Yes, the Mets’ front office does have a pulse.
After weeks of hand-wringing, and an acquisition of one declining outfielder that excited absolutely nobody, the Mets have put themselves on the hot stove transaction map for real now with an agreement with free agent outfielder Curtis Granderson on a four-year, $60 million contract.
Granderson is not without his flaws, and his left-handed pull power isn’t going to play nearly as well in Citi Field as it did in portside hitters’ haven Yankee Stadium, but the Mets’ outfield—at least, offensively—was so woefully inadequate in 2013 that even if Granderson can achieve just two-thirds of the power production he put out for the Yankees in 2011 and 2012, when his combined 84 home runs led the major leagues over that span—it’s a significant upgrade for a Mets lineup that was remarkably unable to score runs in its own ballpark.
Granderson had just a .723 OPS with seven home runs in 61 games during an injury-plagued 2013, but those injuries were not of the variety that would suggest that the outfielder—who will be 33 by Opening Day 2014—is breaking down physically. He strikes out a ton, and his .261 career batting average includes just a .226 mark against left-handed pitching, but Granderson did lead the American League in both RBI and runs scored in 2011, is reputed to be a plus in the clubhouse, and will bring some credibility to a Mets lineup that cries out for just that.
The Mets’ other off-season acquisition so far, outfielder Chris Young, is their latest attempt to turn a former Oakland Athletic into gold. That hasn’t worked out too well with other recent former A’s who joined the Mets, and Young’s production has plummeted precipitously from his best season in 2010, when he hit 27 home runs and batted .257 for Arizona. Since then, his batting averages have been .236, .231 and .200. His home runs have dropped from 27 to 20 to 14 to 12. These look like more than off seasons. This is a definite and alarming trend for a 30-year-old outfielder who has claimed he only needs more regular playing time.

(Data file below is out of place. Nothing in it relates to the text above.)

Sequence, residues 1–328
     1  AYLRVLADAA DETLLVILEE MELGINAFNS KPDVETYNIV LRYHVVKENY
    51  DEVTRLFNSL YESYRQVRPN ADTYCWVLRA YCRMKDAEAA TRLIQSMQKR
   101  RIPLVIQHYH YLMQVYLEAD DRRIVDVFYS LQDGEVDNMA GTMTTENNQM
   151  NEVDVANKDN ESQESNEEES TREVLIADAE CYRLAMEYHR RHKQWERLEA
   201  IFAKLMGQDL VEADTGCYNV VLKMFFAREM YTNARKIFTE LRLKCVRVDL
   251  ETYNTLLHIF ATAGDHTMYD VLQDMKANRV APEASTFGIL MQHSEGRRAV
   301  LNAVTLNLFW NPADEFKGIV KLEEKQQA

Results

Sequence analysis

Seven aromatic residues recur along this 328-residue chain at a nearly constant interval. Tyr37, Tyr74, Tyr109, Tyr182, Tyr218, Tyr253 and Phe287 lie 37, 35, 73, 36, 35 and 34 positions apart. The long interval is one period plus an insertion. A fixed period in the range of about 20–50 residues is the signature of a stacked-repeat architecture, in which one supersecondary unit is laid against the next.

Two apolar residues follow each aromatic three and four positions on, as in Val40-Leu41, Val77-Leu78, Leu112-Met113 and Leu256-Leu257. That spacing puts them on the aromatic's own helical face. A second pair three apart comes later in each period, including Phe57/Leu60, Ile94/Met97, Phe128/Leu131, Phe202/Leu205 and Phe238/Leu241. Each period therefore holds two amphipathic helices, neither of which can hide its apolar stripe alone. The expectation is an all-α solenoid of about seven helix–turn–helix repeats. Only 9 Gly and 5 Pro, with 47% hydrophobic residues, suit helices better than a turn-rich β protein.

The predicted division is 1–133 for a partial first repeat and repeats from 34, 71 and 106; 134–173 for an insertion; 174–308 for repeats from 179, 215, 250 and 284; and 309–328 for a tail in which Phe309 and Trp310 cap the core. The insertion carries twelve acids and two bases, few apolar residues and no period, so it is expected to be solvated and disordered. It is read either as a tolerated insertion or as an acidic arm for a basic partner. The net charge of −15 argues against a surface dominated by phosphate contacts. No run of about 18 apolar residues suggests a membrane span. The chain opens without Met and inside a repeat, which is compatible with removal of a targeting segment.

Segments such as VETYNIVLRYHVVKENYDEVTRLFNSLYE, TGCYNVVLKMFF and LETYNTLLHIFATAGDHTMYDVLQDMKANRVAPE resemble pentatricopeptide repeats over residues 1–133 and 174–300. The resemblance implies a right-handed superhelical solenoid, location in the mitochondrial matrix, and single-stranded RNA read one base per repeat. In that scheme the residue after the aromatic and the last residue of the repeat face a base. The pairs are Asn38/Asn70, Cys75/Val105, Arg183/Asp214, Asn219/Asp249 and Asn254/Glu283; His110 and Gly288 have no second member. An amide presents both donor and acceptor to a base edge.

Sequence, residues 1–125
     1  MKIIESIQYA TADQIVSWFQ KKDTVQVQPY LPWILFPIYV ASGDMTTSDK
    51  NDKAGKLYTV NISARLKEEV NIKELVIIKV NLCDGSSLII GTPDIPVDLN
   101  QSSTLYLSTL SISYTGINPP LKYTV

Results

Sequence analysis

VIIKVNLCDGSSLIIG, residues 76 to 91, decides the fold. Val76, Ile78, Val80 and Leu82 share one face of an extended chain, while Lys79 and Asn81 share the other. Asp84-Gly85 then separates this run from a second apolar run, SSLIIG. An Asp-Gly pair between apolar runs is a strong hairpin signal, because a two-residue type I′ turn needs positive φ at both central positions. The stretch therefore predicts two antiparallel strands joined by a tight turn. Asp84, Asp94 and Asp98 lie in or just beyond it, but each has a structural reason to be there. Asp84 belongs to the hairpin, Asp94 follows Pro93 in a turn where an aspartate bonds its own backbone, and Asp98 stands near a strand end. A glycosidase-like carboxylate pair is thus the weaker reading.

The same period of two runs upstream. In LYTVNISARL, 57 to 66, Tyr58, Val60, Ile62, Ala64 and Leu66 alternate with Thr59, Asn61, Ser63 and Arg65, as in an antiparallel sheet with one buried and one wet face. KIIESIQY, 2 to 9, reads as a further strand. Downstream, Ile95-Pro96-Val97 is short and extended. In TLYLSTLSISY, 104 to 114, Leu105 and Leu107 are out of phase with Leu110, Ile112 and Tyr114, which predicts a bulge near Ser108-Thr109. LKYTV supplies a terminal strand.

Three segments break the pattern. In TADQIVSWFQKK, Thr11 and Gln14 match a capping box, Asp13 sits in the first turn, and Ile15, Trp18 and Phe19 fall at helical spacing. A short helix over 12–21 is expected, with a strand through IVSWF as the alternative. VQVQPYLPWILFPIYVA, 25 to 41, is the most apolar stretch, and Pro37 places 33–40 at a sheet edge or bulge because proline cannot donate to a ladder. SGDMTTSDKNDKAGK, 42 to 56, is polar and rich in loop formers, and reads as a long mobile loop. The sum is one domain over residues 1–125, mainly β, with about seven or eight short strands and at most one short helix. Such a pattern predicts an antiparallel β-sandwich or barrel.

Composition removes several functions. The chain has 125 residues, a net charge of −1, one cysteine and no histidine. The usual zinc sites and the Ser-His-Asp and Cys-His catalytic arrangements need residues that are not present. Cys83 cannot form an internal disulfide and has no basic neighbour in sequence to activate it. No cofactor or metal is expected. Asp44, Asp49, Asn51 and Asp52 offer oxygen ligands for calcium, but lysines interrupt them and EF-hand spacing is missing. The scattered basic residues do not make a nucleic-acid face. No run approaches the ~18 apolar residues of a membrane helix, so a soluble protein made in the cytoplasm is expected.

At some point, though, the claim that more playing time will remedy a player’s poor performance has to be measured against the depth of that poor performance itself. Chris Young was basically a right-handed Ike Davis in 2013, and the Mets haven’t exactly shown a sterling ability to turn declining hitters around with their organizational tutelage. Quite the opposite, in fact.
It is a fervent hope here that Young, unless and until he proves that he’s something more than the next Colin Cowgill, won’t take significant playing time from 2013’s center fielder Juan Lagares, who really does need playing time to continue to develop as an offensive player, and who plays center field better than almost anybody who has ever worn a Mets uniform, other than Carlos Beltran or Tommie Agee.
Granderson, Young and Lagares are all center fielders by trade. It’s hard to imagine either of the two veterans being a better center fielder defensively at this point in their careers than Lagares is.
And, now that Justin Turner has been non-tendered, suspicion is aroused that last season’s left fielder, Eric Young Jr., the National League’s stolen base leader, will be used more as a semi-full time utility-man, spelling three outfielders and a second baseman, should Daniel Murphy still be on the roster by Opening Day.